It's a needless danger considering the microwave technique is no easier or faster than doing it on the stovetop, owing to the fact that you have to boil water anyway, and you have to wait at least 5 minutes to let the microwaved egg cool before cracking it (or else it might explode).
Steamed Soft Boiled Eggs Recipe
- 2 to 3 eggs (or as many as possible you can place in one layer in a wok/pan), room temperature
- water (2.5-cm / 1-inch high), for steaming
- a bowl of iced water
- Put water in a wok or a pot, about 2.5-cm / 1-inch in depth. Cover and bring it to a boil over high medium heat. You should see some steam releasing from the wok rim.
- Quickly remove the lid and carefully place eggs on a steaming rack. Cover and steam for 6 minutes. Transfer the eggs into a bowl of iced water. Let them cool to touch. Peel and cut open. The yolk will be runny. If the eggs are cooked for 12 minutes, they are completely cooked and the yolks are quite hard. If cooking for 10 minutes, the egg whites and yolks are cooked, yet the yolks are soft and not tough. So choose whatever you like to cook your own eggs somewhere between 6 to 10 minutes to get soft-boiled eggs.
- The eggs I used weighted 67 grams each with shells. They are large eggs in size.
- The cooking time varies depending on the size of the eggs you use. Please adjust and experiment accordingly. You’ll have confidence in achieving your own favourite soft-boiled eggs once you’ve done two times.
- If your eggs are chilled in fridge, let them rest in room temperature for 20 minutes.
***If you make this recipe, snap a photo and hashtag it #christinesrecipes — We love to see your creations on Instagram, Facebook, Twitter.
You don’t need an Instant Pot for perfectly cooked eggs (with shells that slip right off!) thanks to this simple technique. “Easy Peel Eggs” can be prepared with soft, medium, or hard yolks and will store in the fridge for a week.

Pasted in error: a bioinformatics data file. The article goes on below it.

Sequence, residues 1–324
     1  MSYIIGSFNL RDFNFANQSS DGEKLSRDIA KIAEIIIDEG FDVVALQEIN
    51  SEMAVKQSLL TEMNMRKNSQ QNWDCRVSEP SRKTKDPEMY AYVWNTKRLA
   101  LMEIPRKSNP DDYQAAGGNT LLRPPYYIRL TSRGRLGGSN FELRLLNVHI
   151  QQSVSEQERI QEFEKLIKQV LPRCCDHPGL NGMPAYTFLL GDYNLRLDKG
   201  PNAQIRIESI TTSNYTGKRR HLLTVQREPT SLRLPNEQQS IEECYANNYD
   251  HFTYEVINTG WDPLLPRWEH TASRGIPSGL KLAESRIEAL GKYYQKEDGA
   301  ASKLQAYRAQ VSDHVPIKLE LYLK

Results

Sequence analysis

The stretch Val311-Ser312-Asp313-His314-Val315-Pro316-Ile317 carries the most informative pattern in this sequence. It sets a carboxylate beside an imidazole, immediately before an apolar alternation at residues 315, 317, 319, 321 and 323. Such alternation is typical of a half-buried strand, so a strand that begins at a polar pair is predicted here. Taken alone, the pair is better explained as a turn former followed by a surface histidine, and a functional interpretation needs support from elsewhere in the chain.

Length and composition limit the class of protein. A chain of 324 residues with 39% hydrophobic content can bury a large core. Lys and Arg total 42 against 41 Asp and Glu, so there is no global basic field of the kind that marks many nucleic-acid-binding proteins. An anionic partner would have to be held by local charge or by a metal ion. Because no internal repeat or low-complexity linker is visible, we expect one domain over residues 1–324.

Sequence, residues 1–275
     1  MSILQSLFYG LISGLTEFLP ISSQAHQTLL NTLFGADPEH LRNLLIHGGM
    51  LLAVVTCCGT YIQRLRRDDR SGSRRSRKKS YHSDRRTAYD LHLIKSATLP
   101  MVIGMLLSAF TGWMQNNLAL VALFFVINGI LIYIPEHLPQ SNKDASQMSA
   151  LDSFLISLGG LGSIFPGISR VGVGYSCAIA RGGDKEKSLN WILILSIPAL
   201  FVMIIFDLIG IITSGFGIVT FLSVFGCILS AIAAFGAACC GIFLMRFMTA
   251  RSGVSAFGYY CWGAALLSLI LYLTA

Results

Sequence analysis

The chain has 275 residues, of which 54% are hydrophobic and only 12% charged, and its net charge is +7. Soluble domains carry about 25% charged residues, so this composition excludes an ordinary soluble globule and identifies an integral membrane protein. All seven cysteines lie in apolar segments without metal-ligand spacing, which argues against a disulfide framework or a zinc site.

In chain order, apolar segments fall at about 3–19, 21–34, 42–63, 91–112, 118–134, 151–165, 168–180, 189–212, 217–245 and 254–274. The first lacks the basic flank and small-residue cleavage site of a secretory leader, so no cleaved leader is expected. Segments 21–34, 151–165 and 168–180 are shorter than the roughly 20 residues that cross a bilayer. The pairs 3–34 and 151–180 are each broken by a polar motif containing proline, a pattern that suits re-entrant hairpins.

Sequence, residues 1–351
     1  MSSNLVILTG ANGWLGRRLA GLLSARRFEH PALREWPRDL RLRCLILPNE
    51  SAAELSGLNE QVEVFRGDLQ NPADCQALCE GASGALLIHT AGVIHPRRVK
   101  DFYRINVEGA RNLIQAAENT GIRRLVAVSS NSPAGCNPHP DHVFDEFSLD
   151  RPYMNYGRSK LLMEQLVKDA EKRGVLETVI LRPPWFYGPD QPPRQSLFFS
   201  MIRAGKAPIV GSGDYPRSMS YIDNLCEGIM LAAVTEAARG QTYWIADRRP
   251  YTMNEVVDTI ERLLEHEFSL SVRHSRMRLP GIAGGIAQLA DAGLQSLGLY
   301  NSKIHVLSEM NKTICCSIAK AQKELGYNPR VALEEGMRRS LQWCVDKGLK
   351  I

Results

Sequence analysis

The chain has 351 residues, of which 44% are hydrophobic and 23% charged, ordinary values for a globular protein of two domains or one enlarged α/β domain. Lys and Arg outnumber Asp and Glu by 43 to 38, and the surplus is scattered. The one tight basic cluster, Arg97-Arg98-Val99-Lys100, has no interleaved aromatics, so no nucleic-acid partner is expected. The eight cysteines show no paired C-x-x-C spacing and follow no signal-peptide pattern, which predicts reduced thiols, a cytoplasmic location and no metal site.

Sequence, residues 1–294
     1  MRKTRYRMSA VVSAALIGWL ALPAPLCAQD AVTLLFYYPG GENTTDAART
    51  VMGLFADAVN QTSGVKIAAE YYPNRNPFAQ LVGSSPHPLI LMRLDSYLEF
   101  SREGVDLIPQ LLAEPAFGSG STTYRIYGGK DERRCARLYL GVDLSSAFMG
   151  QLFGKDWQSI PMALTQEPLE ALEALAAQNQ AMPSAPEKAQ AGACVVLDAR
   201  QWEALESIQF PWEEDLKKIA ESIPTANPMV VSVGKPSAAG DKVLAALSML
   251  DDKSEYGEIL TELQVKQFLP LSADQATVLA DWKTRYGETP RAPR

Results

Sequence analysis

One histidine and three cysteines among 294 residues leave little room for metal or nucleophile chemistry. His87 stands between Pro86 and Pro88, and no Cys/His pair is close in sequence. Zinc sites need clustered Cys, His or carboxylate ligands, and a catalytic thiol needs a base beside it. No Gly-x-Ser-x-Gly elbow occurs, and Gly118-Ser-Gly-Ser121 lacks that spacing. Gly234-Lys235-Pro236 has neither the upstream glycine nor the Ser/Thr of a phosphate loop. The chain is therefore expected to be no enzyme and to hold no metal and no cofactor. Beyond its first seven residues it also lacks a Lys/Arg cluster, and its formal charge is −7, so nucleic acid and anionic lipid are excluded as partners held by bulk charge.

Have you ever hard boiled farm fresh eggs? If so, you likely had a heck of time peeling them. Sometimes, not-so-fresh eggs can be a challenge to peel, too.
I thought I mastered the art of boiling eggs some time ago, but after reading about the merits of cooking eggs in a pressure cooker or the über popular Instant Pot, I realized there was an even better way. And the thing is, you don’t need one of those fancy contraptions to do it.
There’s a simple stovetop solution for perfectly cooked soft, medium, and hard boiled eggs…and the shells will slip right off. (See the big pieces of shell below?🥚👀)
After reading that eggs cooked in a pressure cooker (or Instant Pot) are extremely easy to peel, I tried. And they did. Eggs cooked this way were actually fun to peel!
For obvious reasons, the Instant Pot method became the only way I wanted to boil eggs. (Especially because we have backyard chickens, so our eggs are usually fresh and hard to peel.) But for those who don’t have a pressure cooker or the increasingly popular Instant Pot, there’s an equally good way: steam the eggs.
Why does this work? When the steam vapor penetrates the shell, the egg membrane pulls away from the shell and essentially loosens, making the egg easier to peel. (Do note that, though the science is the same when using a pressure cooker, the time it takes to cook the eggs differs.)
You can buy an inexpensive steamer basket, often in the baking aisle of the grocery store. A rack that fits inside your pot will work, too. You just don’t want the eggs to be submerged.
For the sake of the photos, I pulled eggs out in the middle of the recommended time ranges for the medium-hard and hard cooked yolks. The time of six minutes for soft boiled is pretty accurate, as a minute less is too soupy and a minute more is slightly firmer than soft boiled—although still tasty.
Do note that factors such as egg size and precise heat setting will affect the cooking times somewhat. That said, these ranges should be quite helpful. My personal preference is an egg with a yolk that’s slightly undercooked (it’s creamier that way), so I steam them for 11-12 minutes.
I placed some of the shells in the photo to show how a nice big piece of shell just lifts right off. (Break membrane where the air pocket is for easiest peeling.)
As mentioned, these instructions include a water bath for best control. As an option, I sometimes stop the eggs at 11 minutes and then put some in a cold water bath and let others cool without rinsing. The eggs that don’t sit in the cold water continue cooking until the yolks are evenly cooked through but still tender and creamy. Those who like the just undercooked eggs enjoy the ones where the cooking process was stopped and are a little soft in the center. When cooking for different preferences, you can store the eggs in different labeled bowls or use a Sharpie to mark the eggshell. To best preserve freshness, store any eggs that aren’t used the same day in the fridge with the shells intact.